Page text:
Welcome to the new Independent website. We hope you enjoy it and we value your feedback. Please contact us here.


Wild winds of change worry Bermudians

Phil Davison in Hamilton says Hurricane Felix may do more than disrupt the independence poll
Bermuda's motto is Quo fata ferunt (Where the fates will lead us). Not for the first time, the fate of the islands today is inextricably linked with Atlantic storms as Hurricane Felix disrupts their referendum on whether to break away from Britain.

Emergency services said last night that Felix would arrive earlier than expected, with the first powerful hurricane winds hitting at 6pm local time, 10pm British time, and the worst onslaught arriving at midnight. Fast winds already caused destruction late yesterday, ripping light roofs off small buildings, uprooting trees and blocking some roads. An elderly couple, Peggy and Toby Davis, had a narrow escape when a 65 foot pine tree was blown on to their bedroom roof, sending rubble from the roof onto Mrs Davis bed .

"I thought it was a bomb," Mrs Davis, 79, said. "I was in the kitchen. I had just come back from delivering meals on wheels to the less fortunate," she said. "Toby was in the bathroom filling the tub because of the expected power cuts. If this had happened at night, I'd almost certainly have been killed."

At a meeting of the island's emergency services late yesterday afternoon, premier Sir John Swann said he hoped the independence referendum could go ahead but as the ocean surged, blocking several roads, it looked increasingly dangerous for Bermudians to venture out.

One of the areas worst hit by pounding waves was the Pink Beach area in the wealthy Tuckers Town. The waves pounded over the main coast roads, making it impassable. and police warned residents to stay away

The advance winds scattered debris and tree branches across roads, but most of the island's houses appeared top be weathering the initial storm failry well. Most are made of concrete blocks or tough Bermuda limestone. Bermudians collect their drinking water from their limestone roofs.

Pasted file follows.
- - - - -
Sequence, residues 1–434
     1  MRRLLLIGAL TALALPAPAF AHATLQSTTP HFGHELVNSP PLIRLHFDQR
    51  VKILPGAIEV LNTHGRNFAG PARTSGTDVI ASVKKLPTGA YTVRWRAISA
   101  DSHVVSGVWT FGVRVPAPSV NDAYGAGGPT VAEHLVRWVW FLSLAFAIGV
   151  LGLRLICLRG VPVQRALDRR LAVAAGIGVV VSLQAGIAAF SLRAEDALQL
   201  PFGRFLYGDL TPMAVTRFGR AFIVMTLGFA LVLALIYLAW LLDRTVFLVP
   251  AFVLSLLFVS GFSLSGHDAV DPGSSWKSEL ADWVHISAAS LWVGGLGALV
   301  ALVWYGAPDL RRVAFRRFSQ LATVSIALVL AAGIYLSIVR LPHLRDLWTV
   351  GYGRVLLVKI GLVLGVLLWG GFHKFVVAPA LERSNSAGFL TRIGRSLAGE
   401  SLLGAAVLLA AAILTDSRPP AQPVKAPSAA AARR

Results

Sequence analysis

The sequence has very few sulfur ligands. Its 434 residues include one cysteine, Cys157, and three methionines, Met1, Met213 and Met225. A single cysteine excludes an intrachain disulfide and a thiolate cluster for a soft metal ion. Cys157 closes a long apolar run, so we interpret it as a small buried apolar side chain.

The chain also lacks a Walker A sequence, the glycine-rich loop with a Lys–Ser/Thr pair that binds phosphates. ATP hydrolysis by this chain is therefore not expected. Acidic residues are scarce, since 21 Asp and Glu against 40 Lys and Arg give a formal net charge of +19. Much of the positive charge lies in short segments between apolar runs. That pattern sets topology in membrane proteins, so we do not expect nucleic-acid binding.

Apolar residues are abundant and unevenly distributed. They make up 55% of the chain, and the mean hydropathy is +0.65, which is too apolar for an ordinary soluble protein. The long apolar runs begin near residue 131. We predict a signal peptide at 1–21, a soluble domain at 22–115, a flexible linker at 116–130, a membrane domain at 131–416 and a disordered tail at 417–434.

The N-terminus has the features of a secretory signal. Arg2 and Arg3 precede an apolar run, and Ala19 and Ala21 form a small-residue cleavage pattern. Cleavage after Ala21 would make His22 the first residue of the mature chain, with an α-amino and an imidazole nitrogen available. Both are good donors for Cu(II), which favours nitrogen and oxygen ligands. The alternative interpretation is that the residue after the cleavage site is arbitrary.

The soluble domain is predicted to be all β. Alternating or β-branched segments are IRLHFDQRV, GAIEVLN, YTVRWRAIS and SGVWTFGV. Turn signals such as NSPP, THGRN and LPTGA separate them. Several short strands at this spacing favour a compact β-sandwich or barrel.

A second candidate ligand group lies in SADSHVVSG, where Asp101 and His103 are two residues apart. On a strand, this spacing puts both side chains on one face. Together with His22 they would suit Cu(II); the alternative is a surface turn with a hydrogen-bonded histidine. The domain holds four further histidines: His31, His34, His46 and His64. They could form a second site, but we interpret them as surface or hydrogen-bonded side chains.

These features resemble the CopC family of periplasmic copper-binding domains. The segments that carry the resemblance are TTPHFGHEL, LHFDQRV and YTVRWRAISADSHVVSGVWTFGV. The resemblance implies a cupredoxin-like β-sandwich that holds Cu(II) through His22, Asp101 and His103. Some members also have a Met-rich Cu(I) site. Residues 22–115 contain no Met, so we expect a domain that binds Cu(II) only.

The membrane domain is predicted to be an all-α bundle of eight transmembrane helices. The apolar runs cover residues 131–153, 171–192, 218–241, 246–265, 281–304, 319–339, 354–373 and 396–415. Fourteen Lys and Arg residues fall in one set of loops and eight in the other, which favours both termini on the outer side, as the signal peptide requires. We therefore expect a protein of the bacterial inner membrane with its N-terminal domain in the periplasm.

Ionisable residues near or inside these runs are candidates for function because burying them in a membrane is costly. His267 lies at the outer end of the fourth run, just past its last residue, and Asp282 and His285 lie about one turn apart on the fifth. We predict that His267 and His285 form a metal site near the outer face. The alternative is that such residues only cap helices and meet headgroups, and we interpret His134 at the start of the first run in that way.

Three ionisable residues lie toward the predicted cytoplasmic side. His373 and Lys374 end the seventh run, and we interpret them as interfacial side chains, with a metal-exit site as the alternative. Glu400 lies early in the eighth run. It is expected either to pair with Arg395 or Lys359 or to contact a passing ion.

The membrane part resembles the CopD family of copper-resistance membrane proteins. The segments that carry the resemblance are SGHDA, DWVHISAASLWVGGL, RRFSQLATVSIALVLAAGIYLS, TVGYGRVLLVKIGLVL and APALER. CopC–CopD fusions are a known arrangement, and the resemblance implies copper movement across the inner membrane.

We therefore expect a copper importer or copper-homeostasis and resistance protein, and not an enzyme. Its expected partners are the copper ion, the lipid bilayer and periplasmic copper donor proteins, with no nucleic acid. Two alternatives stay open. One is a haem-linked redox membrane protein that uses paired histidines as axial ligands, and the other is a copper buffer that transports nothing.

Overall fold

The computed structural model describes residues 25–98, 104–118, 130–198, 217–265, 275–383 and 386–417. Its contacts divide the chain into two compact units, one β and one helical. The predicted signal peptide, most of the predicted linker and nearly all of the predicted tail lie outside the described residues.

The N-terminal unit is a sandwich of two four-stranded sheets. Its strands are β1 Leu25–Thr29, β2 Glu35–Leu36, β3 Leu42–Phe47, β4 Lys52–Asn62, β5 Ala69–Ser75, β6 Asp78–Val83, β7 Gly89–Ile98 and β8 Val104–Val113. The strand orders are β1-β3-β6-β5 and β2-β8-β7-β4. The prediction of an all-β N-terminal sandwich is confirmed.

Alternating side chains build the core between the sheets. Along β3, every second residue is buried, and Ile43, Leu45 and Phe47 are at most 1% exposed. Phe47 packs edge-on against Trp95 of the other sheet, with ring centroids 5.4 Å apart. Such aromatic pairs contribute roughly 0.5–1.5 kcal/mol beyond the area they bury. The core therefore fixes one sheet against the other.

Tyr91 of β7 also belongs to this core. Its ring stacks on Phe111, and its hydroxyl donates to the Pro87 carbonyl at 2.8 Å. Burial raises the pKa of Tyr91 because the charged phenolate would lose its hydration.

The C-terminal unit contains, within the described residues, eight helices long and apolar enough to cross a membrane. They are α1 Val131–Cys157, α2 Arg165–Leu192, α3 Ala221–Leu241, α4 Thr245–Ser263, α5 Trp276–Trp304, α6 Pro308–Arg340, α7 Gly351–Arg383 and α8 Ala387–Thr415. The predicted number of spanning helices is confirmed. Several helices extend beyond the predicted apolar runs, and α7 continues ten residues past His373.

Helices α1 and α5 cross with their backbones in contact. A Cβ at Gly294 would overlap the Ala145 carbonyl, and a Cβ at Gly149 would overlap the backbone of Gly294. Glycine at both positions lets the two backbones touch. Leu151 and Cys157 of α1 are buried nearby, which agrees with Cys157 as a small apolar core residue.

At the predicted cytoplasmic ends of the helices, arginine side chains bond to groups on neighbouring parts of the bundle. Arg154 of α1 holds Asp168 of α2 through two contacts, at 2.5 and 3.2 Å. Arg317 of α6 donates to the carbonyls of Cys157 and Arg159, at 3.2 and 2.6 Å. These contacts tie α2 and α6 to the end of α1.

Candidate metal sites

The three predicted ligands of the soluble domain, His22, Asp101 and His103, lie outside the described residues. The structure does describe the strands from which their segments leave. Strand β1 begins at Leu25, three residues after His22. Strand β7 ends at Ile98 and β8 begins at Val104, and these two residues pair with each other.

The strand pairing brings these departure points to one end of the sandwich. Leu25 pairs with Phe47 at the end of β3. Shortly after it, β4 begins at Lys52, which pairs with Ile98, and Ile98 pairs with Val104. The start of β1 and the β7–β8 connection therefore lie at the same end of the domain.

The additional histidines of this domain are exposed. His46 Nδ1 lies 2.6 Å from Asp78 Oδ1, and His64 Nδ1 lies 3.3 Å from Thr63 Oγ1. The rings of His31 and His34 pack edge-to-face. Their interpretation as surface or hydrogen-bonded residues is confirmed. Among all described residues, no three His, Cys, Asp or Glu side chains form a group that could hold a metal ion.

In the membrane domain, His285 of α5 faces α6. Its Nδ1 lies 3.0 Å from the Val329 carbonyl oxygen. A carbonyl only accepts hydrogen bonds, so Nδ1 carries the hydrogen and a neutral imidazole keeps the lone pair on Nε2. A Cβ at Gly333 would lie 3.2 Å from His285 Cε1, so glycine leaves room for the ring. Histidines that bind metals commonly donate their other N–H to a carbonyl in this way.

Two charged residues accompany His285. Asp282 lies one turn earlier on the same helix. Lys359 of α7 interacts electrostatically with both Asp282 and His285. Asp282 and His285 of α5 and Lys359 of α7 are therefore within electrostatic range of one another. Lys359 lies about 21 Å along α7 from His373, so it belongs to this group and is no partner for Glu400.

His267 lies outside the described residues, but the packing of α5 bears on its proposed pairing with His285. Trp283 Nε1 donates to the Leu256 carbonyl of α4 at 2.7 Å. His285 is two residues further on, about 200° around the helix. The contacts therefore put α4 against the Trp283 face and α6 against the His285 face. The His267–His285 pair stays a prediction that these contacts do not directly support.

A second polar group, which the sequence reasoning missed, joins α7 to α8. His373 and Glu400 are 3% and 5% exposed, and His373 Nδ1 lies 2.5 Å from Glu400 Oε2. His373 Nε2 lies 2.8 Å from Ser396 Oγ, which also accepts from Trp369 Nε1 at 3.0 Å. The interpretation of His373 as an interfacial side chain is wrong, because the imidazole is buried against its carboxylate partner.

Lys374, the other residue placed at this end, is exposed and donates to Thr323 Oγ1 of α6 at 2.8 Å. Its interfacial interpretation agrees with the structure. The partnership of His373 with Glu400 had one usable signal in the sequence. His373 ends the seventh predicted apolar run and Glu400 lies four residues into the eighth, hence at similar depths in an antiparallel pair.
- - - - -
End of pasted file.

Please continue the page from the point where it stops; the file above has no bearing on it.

At Mermaid Beach yesterday afternoon, three colourful parrots in a cage pined as massive waves surged over the rocks outside the Mermaid gift shop, now deserted, where they are usually a tourist attraction.

It was an earlier hurricane that led to the islands' settlement and eventual British colonisation in the first place. In 1609 a group of English merchants led by Sir George Somers waded ashore here after their ship the Sea Venture was wrecked en route to the new settlements in Virginia. Unlike the Spaniards who discovered the islands a century earlier, some of the Englishmen stayed, pleasantly puzzled by the fact that the uninhabited islands were alive with tasty pigs.

The Spaniards had left two pairs of pigs behind as potential sustenance if ever forced to stop off on the way back from the Americas. Hence, the islands' early coins carried the image of a hog rather than of the English monarch.

As Felix bore down on the islands last night at the remarkably slow pace of nine miles per hour Sir John, who pushed the independence idea through parliament, said the referendum could not be formally postponed without legislation. He said polling stations would try to open their doors as a legal formality, even if they had to close and reopen in future days to complete a full 11 hours of scheduled voting time.

In practice, Sir John's attempt to keep the vote on track could cause chaos. Polling was supposed to start at 10am today but the thought of venturing out to vote in 125 mph winds seemed ludicrous, if not hazardous.

Although the eye of the storm appeared likely to pass 40 miles west of the islands, its surrounding winds stretched 100 miles to each side, meaning the entire 20-mile-long island strip might bear the brunt. In Bermuda, you're never more than a mile from the sea, meaning the entire shoreline could be battered from the western Dockyard area, where the Royal Navy used to be based, to the millionaires' playground of Tuckers Town in the east.

The direction of the hurricane's rotation also meant its north-eastern corner - the part likely to hit Bermuda - would be its most powerful.

Offices, businesses, ferries and harbours closed down at noon yesterday as the hurricane's advance winds arrived with driving rain. Dramatic surf surged over beaches such as Horseshoe Bay on the southern shore. In Ye Olde Cock and Feather pub on Hamilton's central Front Street, the few tourists who had opted not to leave knocked back "Hurricane Felix shots" - Southern Comfort, grenadine and milk - at three dollars a go while the voice of Bob Marley repeatedly told them to "don't worry 'bout a thing". Bermuda International Airport closed down at 11am yesterday.